According to Simeon Bruner, the budget was not quite one-tenth that of other museum projects. “We could ‘spend’ lots of space but had to watch the money. It doesn’t have to cost a lot to build an exciting space.”
Curator Laura Heon is also enthusiastic. “When you walk through the museum, you can’t help but be aware that you are in a place that is 120 or 130 years old; there’s a lot of life in the building. There is a considerable amount of natural light in our galleries,” she says. “In addition to the scale, our spaces have a strong character, so they’re going to take a certain kind of artwork. While the first floor is much more white cube-like, the Beuys and the Merz [gallery] walls are very decorative and have incredible texture and color. I think there are some works of art that would be completely overwhelmed by that. But, the Beuys and the Merz rise to the challenge and look all the better.”
For artist Natalie Jeremijenko, the site of her installation Tree Logic in the museum’s courtyard entrance was particularly pleasing. She preferred the outdoor space because “it has more of a relationship to the community and [the work relates] to the site more specifically.” Australian-born and American-resident, Jeremijenko emphasized the entrance by lining up a row of six hanging, upside-down trees, supported by weights, loads, and forces. For Jeremijenko, the process “went remarkably well because of the incredible amount of construction being done [at the museum]. There were cranes all around that were available that wouldn’t ordinarily be. Access to heavy equipment helped with the creation of the work. MASS MoCA was ready, eager— and able— to deal with pieces of a scale that no one else could deal with.” After a five-year period, the trees will be re-sited. “They’ll forever be marked after having survived under these unusual conditions. This history will be framed within them forever.” The trees are photographed daily; their unexpected growth, which raises “questions about the nature of the natural,” is fully documented and posted on MASS MoCA’s Web site.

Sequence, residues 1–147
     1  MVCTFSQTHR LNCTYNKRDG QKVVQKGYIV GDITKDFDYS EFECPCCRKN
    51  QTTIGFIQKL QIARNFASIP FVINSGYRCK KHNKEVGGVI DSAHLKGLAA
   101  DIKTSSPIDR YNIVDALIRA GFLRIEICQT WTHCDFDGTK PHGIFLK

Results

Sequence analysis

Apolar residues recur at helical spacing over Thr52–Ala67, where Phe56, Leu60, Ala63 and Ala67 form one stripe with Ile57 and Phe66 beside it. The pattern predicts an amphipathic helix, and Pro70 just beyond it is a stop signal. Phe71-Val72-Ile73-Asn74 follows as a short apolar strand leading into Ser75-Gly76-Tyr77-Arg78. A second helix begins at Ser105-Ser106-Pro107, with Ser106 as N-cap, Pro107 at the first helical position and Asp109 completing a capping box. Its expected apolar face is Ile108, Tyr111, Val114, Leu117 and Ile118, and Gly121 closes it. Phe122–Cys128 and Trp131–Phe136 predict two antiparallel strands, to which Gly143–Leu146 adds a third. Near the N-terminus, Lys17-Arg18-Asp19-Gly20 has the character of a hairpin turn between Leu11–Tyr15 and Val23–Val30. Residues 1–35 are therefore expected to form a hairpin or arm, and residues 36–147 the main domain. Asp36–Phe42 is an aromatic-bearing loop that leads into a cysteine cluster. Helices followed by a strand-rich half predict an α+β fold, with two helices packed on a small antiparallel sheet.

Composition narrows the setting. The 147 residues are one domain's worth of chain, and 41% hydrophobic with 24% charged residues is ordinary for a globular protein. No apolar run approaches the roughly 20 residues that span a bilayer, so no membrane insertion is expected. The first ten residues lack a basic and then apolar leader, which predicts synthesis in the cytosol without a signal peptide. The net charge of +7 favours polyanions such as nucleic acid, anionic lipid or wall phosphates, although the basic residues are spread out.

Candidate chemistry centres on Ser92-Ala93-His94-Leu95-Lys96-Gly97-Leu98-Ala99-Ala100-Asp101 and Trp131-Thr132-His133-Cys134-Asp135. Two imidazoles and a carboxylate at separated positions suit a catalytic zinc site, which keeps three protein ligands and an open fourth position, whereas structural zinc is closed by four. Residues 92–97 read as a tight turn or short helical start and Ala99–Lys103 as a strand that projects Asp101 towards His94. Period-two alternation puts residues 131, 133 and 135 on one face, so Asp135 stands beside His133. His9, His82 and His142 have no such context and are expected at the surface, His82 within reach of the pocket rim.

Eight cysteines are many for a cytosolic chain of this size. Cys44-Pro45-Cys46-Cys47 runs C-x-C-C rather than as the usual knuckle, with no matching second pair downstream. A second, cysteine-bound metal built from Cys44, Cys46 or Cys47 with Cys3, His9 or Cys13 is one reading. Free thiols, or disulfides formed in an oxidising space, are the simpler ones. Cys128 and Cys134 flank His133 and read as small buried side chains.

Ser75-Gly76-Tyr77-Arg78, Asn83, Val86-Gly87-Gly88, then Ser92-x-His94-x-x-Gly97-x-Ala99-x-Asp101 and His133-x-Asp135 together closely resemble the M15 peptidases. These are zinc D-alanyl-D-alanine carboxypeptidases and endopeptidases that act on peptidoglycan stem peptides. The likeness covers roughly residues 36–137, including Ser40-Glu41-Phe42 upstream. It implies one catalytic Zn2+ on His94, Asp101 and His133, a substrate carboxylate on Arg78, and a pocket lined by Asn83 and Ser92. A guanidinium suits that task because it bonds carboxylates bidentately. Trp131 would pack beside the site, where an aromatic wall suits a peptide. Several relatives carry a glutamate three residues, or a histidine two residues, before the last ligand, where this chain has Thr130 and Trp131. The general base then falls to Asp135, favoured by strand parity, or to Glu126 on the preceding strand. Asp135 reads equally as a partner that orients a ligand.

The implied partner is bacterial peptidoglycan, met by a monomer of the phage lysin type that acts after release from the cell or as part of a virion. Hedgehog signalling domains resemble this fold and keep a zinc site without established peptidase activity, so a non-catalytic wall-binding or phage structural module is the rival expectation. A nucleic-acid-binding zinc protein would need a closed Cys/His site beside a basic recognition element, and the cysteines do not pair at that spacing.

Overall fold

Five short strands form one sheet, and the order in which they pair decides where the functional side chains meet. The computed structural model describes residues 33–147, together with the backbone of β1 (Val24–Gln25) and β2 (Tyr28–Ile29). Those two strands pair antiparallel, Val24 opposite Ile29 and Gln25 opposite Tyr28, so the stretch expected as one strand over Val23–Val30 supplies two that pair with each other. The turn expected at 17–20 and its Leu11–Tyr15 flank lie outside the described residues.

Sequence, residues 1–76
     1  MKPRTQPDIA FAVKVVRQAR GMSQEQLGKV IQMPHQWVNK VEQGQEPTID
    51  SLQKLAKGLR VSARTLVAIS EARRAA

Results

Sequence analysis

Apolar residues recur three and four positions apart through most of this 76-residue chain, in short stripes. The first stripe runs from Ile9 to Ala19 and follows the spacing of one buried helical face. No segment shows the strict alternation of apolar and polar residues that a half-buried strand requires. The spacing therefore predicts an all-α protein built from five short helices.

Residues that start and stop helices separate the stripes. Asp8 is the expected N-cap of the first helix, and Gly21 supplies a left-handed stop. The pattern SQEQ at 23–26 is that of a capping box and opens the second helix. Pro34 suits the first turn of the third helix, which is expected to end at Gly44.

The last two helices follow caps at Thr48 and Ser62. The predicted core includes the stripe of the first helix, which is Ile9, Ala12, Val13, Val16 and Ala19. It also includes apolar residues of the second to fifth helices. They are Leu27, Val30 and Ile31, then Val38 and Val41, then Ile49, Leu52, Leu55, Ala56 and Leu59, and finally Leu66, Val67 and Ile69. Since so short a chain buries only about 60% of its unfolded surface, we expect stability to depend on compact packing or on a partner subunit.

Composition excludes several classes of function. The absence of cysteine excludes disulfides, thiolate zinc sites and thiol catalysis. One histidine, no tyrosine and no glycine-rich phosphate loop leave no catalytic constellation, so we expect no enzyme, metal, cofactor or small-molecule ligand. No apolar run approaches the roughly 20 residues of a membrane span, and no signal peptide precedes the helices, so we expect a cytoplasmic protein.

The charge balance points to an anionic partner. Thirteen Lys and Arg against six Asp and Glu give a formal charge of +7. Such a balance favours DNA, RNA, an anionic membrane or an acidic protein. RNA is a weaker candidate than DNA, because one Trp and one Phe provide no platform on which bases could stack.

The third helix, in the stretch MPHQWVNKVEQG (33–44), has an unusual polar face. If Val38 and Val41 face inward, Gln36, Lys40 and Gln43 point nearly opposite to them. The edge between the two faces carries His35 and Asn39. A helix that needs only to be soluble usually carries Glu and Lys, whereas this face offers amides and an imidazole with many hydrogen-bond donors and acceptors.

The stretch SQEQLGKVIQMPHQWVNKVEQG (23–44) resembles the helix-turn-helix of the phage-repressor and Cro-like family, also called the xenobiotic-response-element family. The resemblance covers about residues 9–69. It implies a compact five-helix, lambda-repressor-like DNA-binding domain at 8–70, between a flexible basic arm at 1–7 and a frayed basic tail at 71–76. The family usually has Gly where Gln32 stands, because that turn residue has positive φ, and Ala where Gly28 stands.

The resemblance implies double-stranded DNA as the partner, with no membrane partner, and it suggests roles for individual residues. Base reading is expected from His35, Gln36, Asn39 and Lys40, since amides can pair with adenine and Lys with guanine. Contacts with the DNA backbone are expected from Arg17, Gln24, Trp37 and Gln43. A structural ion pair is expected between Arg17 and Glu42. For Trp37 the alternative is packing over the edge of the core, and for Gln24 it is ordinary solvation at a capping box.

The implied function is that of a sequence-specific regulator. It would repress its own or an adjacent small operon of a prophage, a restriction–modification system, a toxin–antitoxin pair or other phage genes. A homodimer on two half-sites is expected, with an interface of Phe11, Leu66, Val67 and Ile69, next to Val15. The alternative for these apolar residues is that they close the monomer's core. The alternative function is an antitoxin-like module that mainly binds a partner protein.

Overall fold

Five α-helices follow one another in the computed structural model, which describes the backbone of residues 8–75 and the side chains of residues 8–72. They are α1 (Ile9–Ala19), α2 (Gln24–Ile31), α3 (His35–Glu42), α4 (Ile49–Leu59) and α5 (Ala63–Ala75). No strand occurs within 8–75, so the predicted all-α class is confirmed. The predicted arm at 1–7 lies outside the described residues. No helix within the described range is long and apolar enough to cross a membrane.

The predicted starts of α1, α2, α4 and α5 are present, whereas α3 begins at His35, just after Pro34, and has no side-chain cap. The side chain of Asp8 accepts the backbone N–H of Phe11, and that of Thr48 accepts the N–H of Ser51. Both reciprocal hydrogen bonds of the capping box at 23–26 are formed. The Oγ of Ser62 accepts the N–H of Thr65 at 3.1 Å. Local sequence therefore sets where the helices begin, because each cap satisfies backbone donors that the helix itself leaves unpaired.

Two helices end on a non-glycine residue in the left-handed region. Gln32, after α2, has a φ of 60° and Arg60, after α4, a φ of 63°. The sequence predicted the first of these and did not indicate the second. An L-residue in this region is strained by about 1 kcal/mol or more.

What should we expect to see at MASS MoCA in the future? Plans are to use all 27 buildings, adding an additional 350,000 square feet to the five buildings already in use. Regarding the artworks, Laura Heon says, “I think you can expect to see more works that will rise to the challenge of the spaces and [those that] need the kind of space we can provide. It’ll be more works by younger and lesser-known artists. A few more sound installations, some new commissions, and loan shows too. We’ll continue to work with our various partners and find new ones to program with.” Currently, the museum’s lenders and programming partners include the Guggenheim, the Dia Center for the Arts, the Philadelphia Museum of Art, the Clark Art Institute, Williams College Museum of Art, Jacob’s Pillow Dance Festival, and Kleiser-Walczak Construction Company. If the opening is any indication of MASS MoCA’s future, more excitement will follow. Watch this space.